10. Serve hot with chips or wedges, or in a bun with salad. I usually make 6 burgers at a time and we have one hot meal and then two other meals later in the week with a cold burger, cold potatoes and salad.

Recipe #2 - Carrot & Tempeh Veggie Burgers - An Alternative to Using Mushrooms & Soya Mince

If you prefer to make a vegan burger without mushrooms or TVP / soya mince, simply leave out the mince and mushrooms and replace them with half a block of tempeh and one large carrot.

Tempeh will already be more moist than soya mince or TVP so there is no need to add any water to it. To add the stock cube you can either just crumble it into the dry mixture in the food processor and add a bit of water to the final mixture if it seems a bit dry, or put the stock cube in the same jug as the flax seed powder and add slightly more water to mix them into a paste.

Recipe #3 - Tofu Burger Option

To make tofu burgers instead, follow the method for the tempeh burgers but don't add any extra water. Make sure you drain the tofu well as it will be much wetter than either the tempeh or mince. If the tofu makes the mixture too wet you can add a small amount of plain flour or maize meal to stiffen it up.

Six tempeh and carrot burgers waiting to be cooked.
Six tempeh and carrot burgers waiting to be cooked.
Six happy mushroom burgers sizzling in the pan.
Six happy mushroom burgers sizzling in the pan.
The finished burger, served with potatoes and salad.
The finished burger, served with potatoes and salad.

Vegan Burger Poll

Which main ingredient do you prefer to use?

See results

Veggie Burger Afterthoughts

All three of these veggie burger recipes rely on soya in one form another, but are there any other alternatives? Well, yes. In addition to these soya-based burgers, I have also developed a bean burger recipe and a vegan burger made from butternut squash and polenta—that one is a bit more time-consuming but it's worth it if you have the time to spare. I call them 'burties' because they are half way between a burger and a patty. I will be linking to those recipes soon.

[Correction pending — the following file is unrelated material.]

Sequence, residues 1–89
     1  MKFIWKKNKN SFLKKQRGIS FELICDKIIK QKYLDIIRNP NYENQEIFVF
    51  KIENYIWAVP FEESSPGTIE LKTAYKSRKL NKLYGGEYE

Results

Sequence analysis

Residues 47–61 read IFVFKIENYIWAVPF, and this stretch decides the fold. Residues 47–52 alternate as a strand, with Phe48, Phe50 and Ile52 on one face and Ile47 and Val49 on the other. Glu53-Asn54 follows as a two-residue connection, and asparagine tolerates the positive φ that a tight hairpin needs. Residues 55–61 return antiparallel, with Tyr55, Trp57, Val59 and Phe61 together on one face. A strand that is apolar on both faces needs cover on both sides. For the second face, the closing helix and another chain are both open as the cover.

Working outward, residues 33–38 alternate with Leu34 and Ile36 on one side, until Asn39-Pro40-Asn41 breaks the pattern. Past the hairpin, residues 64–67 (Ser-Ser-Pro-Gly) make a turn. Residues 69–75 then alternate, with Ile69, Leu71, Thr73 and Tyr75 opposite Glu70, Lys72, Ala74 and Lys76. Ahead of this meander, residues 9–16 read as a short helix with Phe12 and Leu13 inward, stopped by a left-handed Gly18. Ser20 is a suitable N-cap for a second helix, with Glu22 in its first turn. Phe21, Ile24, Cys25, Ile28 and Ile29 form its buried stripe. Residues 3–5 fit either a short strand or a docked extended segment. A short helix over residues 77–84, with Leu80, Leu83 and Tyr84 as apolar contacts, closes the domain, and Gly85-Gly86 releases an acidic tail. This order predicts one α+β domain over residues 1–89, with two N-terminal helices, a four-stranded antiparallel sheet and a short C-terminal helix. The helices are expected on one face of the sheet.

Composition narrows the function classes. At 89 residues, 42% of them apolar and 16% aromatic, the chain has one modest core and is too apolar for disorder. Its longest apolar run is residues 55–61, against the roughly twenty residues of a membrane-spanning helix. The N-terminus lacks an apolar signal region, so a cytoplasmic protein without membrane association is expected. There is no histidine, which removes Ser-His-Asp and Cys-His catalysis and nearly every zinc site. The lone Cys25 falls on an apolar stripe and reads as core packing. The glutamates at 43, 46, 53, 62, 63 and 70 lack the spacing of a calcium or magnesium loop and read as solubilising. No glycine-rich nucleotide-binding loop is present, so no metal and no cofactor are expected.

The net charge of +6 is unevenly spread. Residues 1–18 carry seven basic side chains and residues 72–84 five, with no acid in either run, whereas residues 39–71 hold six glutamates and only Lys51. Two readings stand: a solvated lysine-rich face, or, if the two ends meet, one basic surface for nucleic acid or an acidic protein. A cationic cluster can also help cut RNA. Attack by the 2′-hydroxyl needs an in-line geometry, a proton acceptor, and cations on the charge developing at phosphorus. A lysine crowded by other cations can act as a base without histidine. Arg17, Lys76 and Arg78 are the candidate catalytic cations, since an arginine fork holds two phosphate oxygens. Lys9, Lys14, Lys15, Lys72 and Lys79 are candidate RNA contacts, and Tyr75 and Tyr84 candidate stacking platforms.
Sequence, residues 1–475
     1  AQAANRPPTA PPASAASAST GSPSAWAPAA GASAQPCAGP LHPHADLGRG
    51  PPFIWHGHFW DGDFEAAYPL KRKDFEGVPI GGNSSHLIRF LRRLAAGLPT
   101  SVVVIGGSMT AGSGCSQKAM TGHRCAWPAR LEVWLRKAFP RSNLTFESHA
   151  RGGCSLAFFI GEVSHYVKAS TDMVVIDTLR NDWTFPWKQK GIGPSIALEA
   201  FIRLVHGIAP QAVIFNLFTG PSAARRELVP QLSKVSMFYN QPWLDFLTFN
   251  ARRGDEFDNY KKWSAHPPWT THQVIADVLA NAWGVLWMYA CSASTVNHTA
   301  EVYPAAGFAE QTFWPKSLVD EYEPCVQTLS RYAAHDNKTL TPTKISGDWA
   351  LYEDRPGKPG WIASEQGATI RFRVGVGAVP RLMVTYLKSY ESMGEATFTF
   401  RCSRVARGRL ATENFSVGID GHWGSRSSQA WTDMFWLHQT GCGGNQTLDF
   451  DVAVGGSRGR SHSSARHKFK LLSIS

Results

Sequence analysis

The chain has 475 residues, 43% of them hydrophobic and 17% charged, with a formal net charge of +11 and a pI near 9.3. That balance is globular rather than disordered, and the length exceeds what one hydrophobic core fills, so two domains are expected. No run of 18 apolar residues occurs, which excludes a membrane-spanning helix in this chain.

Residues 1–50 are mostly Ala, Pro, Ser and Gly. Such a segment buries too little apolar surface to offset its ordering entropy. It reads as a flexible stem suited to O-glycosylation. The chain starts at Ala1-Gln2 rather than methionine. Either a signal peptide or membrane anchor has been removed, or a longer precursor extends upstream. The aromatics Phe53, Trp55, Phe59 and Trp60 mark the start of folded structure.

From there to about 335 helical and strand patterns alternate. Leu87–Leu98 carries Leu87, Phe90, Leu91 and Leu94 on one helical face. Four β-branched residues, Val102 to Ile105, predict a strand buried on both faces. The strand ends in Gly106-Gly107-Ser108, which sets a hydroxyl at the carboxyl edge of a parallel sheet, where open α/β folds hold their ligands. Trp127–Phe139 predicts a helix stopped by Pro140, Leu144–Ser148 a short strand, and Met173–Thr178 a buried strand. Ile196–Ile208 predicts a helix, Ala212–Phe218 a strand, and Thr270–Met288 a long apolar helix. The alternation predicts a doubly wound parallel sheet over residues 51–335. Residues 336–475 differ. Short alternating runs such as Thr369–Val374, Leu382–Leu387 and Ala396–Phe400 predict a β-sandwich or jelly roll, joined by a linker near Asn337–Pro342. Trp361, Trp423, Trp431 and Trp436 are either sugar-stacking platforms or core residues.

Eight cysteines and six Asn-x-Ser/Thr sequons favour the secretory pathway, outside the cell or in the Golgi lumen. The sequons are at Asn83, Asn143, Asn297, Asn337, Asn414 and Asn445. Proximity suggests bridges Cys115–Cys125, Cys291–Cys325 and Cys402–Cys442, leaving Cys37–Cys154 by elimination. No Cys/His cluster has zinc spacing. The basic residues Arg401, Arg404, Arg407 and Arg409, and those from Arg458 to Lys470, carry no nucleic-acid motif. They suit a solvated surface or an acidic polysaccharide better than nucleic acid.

In the meantime I would love to hear your thoughts on these veggie burgers, so please do leave a comment once you have made them.

Can These Burgers Be Frozen?

Personally, I wouldn't freeze them if any of the ingredients had previously been frozen, but otherwise it's fine to freeze them uncooked and simply take them out and cook them as needed. I've done this with the tofu and mushroom burgers, and they not only freeze well but cook well from frozen, and they also keep their shape nicely when cooked.

Questions & Answers

    © 2018 Rob Butler


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      • The Key Maker profile imageAUTHOR

        Rob Butler 

        8 months ago from Pembrokeshire, UK

        Hi Cynthia, just be careful of the amount of liquid in the tofu as it's usually wetter than soya mince or tofu. I've used the tofu before as a straight substitute for the mince (i.e. with mushrooms) but it also works well with the tofu using carrot instead of mushrooms.

        Let me know how you get on.



      • techygran profile image


        8 months ago from Vancouver Island, Canada

        These all look really tasty to me, Rob, although I do prefer to use tofu. i will try them soon!